Here's some good news for District taxpayers: The amount you pay for bad schools, high crime and an unresponsive bureaucracy is no higher than what Montgomery County residents pay for good schools, safe streets and officials who (generally) answer the phone.

It turns out, according to a new study, that the basic income and property tax burden borne by city residents is comparable to that of the Maryland suburbanites. In fact, the tax burden in Prince George's County for most homeowners and even some renters is clearly higher than for D.C. residents.

Many may find the study results surprising, given the District's reputation as a high-tax jurisdiction, said Ed Lazere of the liberal D.C. Fiscal Policy Institute. The key, he said, is the city's low tax rate on owner-occupied housing -- 96 cents per $100 of assessed valuation, plus a modest homestead exemption -- which for most middle-class homeowners offsets the high income tax rate, which reaches to 9.3 percent.

In Lazere's view, this undermines the argument the city should be lowering taxes because "that's the way to attract people."

"What we really need to do is make better use of the services," he said.

The study did, however, confirm the popular view that taxes are lower in Virginia.

Lazere did his calculations for what he figured would be typical renters and homeowners making $50,000 a year, and for homeowners with incomes of $100,000 and $150,000. And for homeowners, he assumed that they would itemize their deductions, thus allowing them to deduct their state and local taxes on their federal returns. Deducting those taxes is in effect a federal subsidy, reducing their real cost. The tax rates he used were for 2002.

Thus, a married couple with two children earning $100,000 and owning a $250,000 house and two cars would pay $6,094 in income tax and $2,112 in property tax, for a total of $8,206. Deducting that would reduce the couple's federal taxes by $2,216, for a net D.C. tax of $5,991, the study figured.

If the same couple lived in Montgomery County they would pay $5,869 in income tax and $2,763 in property taxes, for a total of $8,631. After the federal deduction, their net would be $6,301, the study said.

In Prince George's, the figures would be $5,961 for income and $3,425 for property, for a total of $9,386, or $6,852 after the federal deduction.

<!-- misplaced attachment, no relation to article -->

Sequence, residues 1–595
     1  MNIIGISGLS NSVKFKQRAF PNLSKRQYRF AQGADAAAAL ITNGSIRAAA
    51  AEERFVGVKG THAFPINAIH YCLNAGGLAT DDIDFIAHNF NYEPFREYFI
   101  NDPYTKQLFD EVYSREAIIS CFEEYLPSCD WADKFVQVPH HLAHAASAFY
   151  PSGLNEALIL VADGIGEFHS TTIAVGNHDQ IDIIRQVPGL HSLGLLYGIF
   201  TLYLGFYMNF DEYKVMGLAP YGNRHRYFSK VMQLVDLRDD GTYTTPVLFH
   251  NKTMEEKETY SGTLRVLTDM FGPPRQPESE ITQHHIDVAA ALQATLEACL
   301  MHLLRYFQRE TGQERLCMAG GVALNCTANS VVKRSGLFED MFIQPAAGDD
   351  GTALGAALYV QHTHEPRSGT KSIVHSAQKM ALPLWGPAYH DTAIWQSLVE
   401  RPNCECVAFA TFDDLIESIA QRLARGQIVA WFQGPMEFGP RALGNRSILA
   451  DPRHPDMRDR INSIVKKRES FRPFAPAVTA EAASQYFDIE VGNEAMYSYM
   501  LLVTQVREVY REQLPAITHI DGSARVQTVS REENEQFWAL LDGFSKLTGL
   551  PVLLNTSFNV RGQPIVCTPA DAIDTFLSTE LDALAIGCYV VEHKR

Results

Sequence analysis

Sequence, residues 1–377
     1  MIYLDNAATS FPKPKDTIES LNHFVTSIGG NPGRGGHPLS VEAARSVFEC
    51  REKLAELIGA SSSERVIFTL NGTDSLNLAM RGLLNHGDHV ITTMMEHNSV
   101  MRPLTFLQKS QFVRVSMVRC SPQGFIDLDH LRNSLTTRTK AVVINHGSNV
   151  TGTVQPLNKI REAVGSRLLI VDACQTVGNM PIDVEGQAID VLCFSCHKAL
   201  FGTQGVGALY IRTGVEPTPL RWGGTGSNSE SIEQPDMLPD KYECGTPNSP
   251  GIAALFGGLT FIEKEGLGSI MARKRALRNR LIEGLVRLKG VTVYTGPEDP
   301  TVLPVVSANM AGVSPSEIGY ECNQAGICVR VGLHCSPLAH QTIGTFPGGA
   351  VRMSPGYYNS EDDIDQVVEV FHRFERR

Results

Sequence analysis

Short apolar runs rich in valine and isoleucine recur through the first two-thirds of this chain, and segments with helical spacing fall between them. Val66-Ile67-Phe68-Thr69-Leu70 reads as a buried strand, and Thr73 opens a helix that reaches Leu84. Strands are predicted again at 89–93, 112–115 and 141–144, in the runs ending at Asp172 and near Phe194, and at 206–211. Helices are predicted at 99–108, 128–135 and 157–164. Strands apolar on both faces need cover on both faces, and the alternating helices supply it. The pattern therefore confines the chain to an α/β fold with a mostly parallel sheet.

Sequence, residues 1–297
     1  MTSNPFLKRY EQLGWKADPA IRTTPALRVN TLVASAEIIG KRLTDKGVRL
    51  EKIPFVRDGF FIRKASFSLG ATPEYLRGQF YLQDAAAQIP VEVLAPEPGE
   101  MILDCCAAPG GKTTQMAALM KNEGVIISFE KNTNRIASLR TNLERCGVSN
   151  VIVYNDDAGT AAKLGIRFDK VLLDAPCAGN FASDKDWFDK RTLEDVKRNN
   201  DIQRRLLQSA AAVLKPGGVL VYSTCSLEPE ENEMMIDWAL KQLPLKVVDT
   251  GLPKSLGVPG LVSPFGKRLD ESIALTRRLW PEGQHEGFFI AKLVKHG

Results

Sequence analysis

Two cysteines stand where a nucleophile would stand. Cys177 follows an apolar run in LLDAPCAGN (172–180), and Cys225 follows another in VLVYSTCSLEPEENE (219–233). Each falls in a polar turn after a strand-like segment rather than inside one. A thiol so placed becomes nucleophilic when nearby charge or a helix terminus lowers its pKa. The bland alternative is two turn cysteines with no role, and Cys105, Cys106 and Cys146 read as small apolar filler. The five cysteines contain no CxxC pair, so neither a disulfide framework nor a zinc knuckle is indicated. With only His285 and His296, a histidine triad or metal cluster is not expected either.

Prince George's has higher property and income tax rates. Maryland's top state income tax rate is 4.75 percent, but the state allows a local add-on, or "piggyback," tax, which is slightly higher in Prince George's but pushes the top rate over 7.5 percent in both jurisdictions. Montgomery's property tax rate is $1.105 per $100 in most areas of the county, vs. $1.37 in Prince George's, the report said, noting that some localities in both counties tack on more.

The lowest-tax jurisdiction in the survey turned out to be Arlington, where the couple would pay $4,360 in income tax at Virginia's top rate of 5.75 percent, and $2,483 in property taxes at Arlington's rate of 99.3 cents per $100. After the federal offset, the net is $5,210 -- $1,642 less than Prince George's, $1,091 less than Montgomery and $781 less than the District.

In Fairfax the couple would pay a bit more than in Arlington because Fairfax's property tax rate is higher at $1.21.

As income rises (at $150,000, a D.C. couple's income tax can jump by as much as $4,000; see the accompanying chart), the District moves closer to the top because its income tax bites harder and harder. And the study found that renters, who do not benefit from the low property tax rates, generally pay higher taxes in the District than they would in the suburbs.

The study didn't try to include sales taxes, because, Lazere said, it's very difficult to figure out what people actually pay. The District's general sales tax is the area's highest, but it doesn't apply to grocery food items. Also, it's fairly easy to avoid by driving to, say, Virginia, which has the lowest rate (though it does tax groceries).

The study did, however, include Virginia's infamous "car tax" (technically a personal property tax).

Lazere notes that the difference between taxes in the District and those in Arlington, the lowest-tax jurisdiction he studied, amount to a maximum of 1.5 percent of income for homeowners, 2 percent for renters.

But it's a leap to say this means the city doesn't need to cut taxes. Look at it this way: If you saw a Mercedes and a Yugo offered for sale at $50,000, the salesman could truthfully say that the Mercedes costs no more than the Yugo. But which is really more expensive?